Thanks to all for their ideas, I really appreciate it. It's not so much that I'm worried he'll stress over being confined for a day or two, it's the length of time that's required is all. Thanks so much, and if anyone else has any other ideas, please feel free to share them.
 OMG!WTF!
Joined: 12/3/2007
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Canine heartworm treatment with an active outdoor dog
Posted: 1/25/2011 3:49:16 PM
So I wasn't just imagining that thing about the pregnant female pheromones last night. Hmm. It was late. Check out this link. I'm thinking a collar full of those goodies might be just the thing.

http://vetmedicine.about.com/cs/behavior/a/dogbehaviorprob.htm
 the_humormonger
Joined: 5/30/2006
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Canine heartworm treatment with an active outdoor dog
Posted: 1/25/2011 9:28:42 PM
don't laugh, but my dog liked to watch tv. he particularly enjoyed animal planet, which has many shows that feature other animals barking, meowing, baaing, etc. honestly, he would watch the shows and sometimes even woof back. this might be a way to keep your dog entertained.
 grizzelda
Joined: 6/25/2006
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Canine heartworm treatment with an active outdoor dog
Posted: 1/26/2011 8:33:14 AM
Have you looked into boarding him? Some do offer day boarding and that may offer the solutions you need, enclosed, supervised and something to distract him during his confinement. Good Luck.
 fastdogphotog
Joined: 5/27/2008
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Canine heartworm treatment with an active outdoor dog
Posted: 1/26/2011 5:46:28 PM
I haven't dealt with heartworm treatment, so I can't offer specific suggestions there.

But a lot of greyhounds display severe separation anxiety, and suggestions for keeping them busy, entertained and calm are pretty common on greyhound forums. It seems the most common techique is to use one or more kongs or similar toys that require the dogs to work to get a treat (don't forget you can put peanut butter in the kong and then freeze it, so that it "lasts" longer). Many people have also had good luck with the DAP diffusers, which you can find at the major pet supply stores now. And some have had to resort to sedation or anti-anxiety drugs. You might want to ask your vet about these. You might also want to consider a radio tuned to a talk station.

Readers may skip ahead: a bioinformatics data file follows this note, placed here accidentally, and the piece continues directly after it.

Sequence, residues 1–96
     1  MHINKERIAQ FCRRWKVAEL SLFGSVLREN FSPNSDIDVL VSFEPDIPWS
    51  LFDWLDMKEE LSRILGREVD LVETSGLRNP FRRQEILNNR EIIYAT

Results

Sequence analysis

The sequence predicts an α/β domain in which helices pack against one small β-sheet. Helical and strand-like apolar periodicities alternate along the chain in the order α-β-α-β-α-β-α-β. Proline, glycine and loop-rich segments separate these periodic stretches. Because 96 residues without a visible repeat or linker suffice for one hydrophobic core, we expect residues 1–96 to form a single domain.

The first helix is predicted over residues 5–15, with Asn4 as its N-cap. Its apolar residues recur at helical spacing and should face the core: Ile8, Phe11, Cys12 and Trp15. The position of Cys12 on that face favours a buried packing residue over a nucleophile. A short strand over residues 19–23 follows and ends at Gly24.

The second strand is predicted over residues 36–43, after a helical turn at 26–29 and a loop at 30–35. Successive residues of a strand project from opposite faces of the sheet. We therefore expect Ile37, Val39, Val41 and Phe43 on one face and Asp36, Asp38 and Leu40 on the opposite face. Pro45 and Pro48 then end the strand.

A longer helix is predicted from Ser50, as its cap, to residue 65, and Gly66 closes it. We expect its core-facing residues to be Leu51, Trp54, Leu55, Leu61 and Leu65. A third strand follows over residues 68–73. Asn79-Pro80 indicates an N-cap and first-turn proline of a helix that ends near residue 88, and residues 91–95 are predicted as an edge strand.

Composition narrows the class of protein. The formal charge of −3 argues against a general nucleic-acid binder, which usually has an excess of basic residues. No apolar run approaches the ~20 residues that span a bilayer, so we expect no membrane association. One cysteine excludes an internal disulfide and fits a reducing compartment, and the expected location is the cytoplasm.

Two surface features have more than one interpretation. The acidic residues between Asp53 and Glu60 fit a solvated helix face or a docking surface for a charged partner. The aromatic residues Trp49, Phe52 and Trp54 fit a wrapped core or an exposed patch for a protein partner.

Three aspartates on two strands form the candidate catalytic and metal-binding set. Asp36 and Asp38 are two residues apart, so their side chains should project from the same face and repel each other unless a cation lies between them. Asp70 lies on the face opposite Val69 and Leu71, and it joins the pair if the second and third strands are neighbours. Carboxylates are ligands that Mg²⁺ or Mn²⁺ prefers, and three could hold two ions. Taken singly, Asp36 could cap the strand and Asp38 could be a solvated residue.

Finally, I would recommend asking the same question on breed or dog specific forums, if you haven't already. I just did a quick google search, and it looks like there are several Shepard forums you could check.

Good luck, and best thoughts for an uneventful recovery.
 sweetness-one
Joined: 10/17/2005
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Canine heartworm treatment with an active outdoor dog
Posted: 1/26/2011 6:14:24 PM
Thanks again to all who have posted. And to OMGWTF, again, my sincere apologies; I was worried about starting this thread in the first place, and sure enough, many forum lurkers came to my email inbox last night telling me what a shytty dog mom I evidently am, and I was already stressed enough about the treatment today. I took that out on you, for which I am truly sorry.

We are home from the vet today, and *somebody* (ahem) is out like a light from the sedation the vet gave him during treatment today. And getting annoyed that mom keeps checking on him and waking him up, lol. The vet is pleased with results thus far though.

I will have to look into the diffusers both you and OMG suggested, fastdogphotog; I know Sammy hates flowery type scents but perhaps one of the pheremone diffusers that OMG suggested might work quite nicely. I'd never thought to freeze the peanut butter inside his kongs, but that's something I will try too.

Steroids start tomorrow, and apparently I can expect uh...a lot of poop for the next three weeks.

Thanks again to all.
 shakeitupbaby2012
Joined: 8/12/2010
Msg: 12
Canine heartworm treatment with an active outdoor dog
Posted: 1/26/2011 8:19:16 PM